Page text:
by Cindy Hasz
American Reporter Correspondent
San Diego, Calif.
February 10, 2003
SONGS AND PROVERBS FOR THE JOURNEY
SAN DIEGO -- "Around and around and around she goes, and whar she stops nobody knows." My grandfather used to say that. And when he really liked something he'd say, "It's the cat's meow." Funny that those simple and often silly one liners are what I remember about him the most.=
Countless phrases and limericks containing the precipitate wisdom of a lifetime. Spiced colloquialisms of personal history. What I've noticed working with the elderly over twenty years is that often, those automatic and lyrical responses to life are often all that's left when one's reaches toward its end.
If Grandfather's limericks where philosopical and whimsical, Grammother's were utilitatrian and religious. As in "Many hands make light work." Or, the line from the Catholic hymn, "O sacrament most holy, O sacrament divine." I can still see her pumping the organ with her large utilitarian legs and funky-old-lady hat on her purple, blue hair.
My mother's would have to be, "God helps them that helps themselves," or "There are many things in this life you don't want to do but you've got to do them." That was her equivalent of the dirty underwear in an accident routine. All pragmatism, no fun. Life is grim so suck it up.
Ah, the tragic Irish, we canna help it.
What did my father used to say? Or sing? A mortician's ditty that went something like, "The worms crawl in, the worms crawl out, the worms play pinochle on your snout." Or one about the Tannenbaum embalming school, "And when you die they did a hole and put you in the earth. so cold, oh Tannenbaum, oh Tannenbaum, oh Tannenbaum embalming school."=
Or another of his favorite incantations: "May the bird of paradise fly up your nose."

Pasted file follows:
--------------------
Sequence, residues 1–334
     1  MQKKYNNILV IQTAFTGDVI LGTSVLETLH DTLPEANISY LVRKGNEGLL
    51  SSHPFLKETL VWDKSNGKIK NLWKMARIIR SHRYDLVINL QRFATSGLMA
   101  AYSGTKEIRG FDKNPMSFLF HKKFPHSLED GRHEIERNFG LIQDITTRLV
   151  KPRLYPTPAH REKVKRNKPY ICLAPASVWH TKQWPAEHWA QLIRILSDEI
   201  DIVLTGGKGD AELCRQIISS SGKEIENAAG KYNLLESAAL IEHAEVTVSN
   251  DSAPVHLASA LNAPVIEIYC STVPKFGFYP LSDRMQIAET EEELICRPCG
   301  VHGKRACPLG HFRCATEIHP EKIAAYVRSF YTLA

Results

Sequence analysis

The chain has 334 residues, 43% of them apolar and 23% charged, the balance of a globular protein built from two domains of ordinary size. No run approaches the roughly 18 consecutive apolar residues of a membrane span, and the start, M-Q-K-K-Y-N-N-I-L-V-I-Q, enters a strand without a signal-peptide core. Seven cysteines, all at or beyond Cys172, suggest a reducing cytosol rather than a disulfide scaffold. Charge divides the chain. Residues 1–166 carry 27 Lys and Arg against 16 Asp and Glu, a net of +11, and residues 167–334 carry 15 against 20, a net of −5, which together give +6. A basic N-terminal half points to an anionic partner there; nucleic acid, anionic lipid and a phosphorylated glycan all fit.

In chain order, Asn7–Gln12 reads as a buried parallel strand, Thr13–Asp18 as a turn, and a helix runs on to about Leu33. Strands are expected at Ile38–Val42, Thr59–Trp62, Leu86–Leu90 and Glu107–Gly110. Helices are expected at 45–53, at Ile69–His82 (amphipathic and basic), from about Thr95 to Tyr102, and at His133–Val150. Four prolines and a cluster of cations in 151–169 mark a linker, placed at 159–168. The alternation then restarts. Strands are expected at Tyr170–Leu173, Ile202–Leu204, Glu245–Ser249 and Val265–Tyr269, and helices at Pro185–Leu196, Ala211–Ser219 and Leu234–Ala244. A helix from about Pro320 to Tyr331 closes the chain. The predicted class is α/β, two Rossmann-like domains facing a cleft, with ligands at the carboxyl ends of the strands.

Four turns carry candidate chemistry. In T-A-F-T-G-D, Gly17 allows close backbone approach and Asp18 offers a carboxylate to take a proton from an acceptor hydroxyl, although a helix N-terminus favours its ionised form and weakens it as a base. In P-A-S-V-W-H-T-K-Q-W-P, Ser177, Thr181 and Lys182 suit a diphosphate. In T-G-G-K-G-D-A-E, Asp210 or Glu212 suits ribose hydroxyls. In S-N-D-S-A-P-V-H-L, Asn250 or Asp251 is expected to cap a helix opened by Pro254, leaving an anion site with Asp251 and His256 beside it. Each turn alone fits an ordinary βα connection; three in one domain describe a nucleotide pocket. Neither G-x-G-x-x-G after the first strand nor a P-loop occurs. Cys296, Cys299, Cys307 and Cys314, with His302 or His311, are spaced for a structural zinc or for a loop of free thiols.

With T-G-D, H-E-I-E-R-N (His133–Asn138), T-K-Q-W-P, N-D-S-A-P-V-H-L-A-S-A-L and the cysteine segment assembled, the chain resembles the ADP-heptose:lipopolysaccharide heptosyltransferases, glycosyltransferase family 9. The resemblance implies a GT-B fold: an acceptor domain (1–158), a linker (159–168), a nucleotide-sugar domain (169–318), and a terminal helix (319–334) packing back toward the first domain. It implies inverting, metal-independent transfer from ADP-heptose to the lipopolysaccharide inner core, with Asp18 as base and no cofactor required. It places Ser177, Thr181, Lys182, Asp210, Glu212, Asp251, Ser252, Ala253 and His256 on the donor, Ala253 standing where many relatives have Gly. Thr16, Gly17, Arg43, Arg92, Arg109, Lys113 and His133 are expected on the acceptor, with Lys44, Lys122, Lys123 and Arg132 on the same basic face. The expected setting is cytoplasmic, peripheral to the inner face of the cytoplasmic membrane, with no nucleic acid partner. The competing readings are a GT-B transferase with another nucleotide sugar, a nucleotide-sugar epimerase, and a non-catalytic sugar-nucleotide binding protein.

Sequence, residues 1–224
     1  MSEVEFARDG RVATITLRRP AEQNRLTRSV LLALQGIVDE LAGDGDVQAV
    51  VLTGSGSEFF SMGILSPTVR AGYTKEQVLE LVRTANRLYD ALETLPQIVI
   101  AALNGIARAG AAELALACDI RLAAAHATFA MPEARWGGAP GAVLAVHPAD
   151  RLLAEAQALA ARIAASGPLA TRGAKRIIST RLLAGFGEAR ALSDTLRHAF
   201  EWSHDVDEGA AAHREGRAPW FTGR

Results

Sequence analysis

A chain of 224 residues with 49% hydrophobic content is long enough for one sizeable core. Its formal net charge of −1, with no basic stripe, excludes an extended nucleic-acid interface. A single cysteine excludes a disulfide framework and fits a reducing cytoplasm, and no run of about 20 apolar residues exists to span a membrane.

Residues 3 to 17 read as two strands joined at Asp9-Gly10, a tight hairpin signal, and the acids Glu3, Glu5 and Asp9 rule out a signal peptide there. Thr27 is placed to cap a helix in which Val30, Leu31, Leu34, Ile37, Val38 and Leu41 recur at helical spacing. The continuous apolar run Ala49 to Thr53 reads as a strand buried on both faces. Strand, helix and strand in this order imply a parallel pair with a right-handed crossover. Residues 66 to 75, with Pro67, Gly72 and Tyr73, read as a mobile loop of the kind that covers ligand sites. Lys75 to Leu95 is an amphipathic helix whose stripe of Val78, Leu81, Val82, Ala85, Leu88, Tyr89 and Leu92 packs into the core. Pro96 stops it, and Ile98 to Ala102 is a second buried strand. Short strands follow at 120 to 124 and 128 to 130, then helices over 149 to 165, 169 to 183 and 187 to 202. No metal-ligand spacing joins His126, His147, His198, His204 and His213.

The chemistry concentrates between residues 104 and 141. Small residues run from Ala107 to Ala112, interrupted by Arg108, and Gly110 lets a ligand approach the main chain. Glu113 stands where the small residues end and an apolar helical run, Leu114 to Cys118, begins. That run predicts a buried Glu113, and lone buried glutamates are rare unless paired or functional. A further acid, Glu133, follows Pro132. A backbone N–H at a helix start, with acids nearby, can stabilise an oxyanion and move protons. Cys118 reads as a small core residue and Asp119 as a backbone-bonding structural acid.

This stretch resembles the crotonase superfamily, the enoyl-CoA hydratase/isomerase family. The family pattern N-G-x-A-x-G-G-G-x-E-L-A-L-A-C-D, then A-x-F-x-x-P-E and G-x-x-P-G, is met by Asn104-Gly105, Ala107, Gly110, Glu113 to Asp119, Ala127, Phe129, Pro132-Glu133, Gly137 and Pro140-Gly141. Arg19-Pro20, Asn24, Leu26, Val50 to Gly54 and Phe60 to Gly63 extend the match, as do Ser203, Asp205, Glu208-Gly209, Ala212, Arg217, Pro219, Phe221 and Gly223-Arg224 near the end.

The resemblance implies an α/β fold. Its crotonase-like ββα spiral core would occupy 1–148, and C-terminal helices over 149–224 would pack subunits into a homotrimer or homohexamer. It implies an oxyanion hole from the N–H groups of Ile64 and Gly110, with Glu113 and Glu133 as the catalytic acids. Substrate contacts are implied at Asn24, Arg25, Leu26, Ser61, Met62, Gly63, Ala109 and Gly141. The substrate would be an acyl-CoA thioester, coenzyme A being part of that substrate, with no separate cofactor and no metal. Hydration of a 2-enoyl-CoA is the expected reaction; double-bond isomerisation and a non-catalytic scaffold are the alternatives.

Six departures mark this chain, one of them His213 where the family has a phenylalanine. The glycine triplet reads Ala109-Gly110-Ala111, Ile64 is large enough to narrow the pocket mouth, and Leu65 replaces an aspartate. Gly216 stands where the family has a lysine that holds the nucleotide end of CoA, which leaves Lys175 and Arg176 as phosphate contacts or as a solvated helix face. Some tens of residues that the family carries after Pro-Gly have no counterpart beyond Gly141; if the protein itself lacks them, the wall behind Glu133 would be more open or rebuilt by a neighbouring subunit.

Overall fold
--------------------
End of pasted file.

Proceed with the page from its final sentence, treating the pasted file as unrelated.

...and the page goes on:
No wonder he didn't fit in with my mother's family too well. Only a scandalous hick from Tennessee would say such things.=
On the otherhand an aging and well-respected uncle, is remembered by something less morbid but more sinister, "Who knows what lurks in the heart of men? The shadow knows... ." Creepy laughter. We would break out in childish hysterics every time he did his routine. We thought him absolutely brilliant.
I honestly do not remember anything else he ever said. Seems strange, that. He was an M.I.T. engineer who calculated head and tail winds of every flight he ever flew on, obsessed about golf, ate with his mouth open and never married.
When I think of patients whose sayings I remember well I think of one caustic old Norwegian woman who seemed to enjoy squirting the venom of her unhappy soul on anyone who disappointed her with a reminder that "The road to hell is paved with good intentions."
I have one patient now who loves to say she's "between the devil and the deep blue sea." And indeed she is. So I throw my lifeboats out to her saying, "Take one day at a time, love." It's all we can do. "Sufficient unto the day is the evil thereof." "God will never give you more than you can handle," etc., etc., etc.
"Horsefeathers," says she. "I'm scared."
I reply, "That's all right, we're all scared."
She wants me to hold her, then she asks me the question she always asks me in British accent, "Will you be at the back of me?" And I say what I always say to her, "I'm right here and I'm not leaving."
Pauline, a Russian lady I used to care for who loved the opera used to say with regularity, "A little rouge and a little paint makes a girl what she ain't."
Another used to tell me his secret to a happy life. "Keep your mind full and your bowels empty."
Makes me wonder what littany of expressions I will be reduced to when I am aged and more in reflective than active mode. Most likely a few of them will be:
"Lord willing and the creek don't rise."
"All's well that ends well."
"First there is a mountain, then there is no mountain, then there is."
"Twinkle, twinkle little star, etc."
"Around and around and around she goes and where she stops nobody knows."
Creeks, wells, mountains, stars and merry-go-rounds.
Sounds just about right.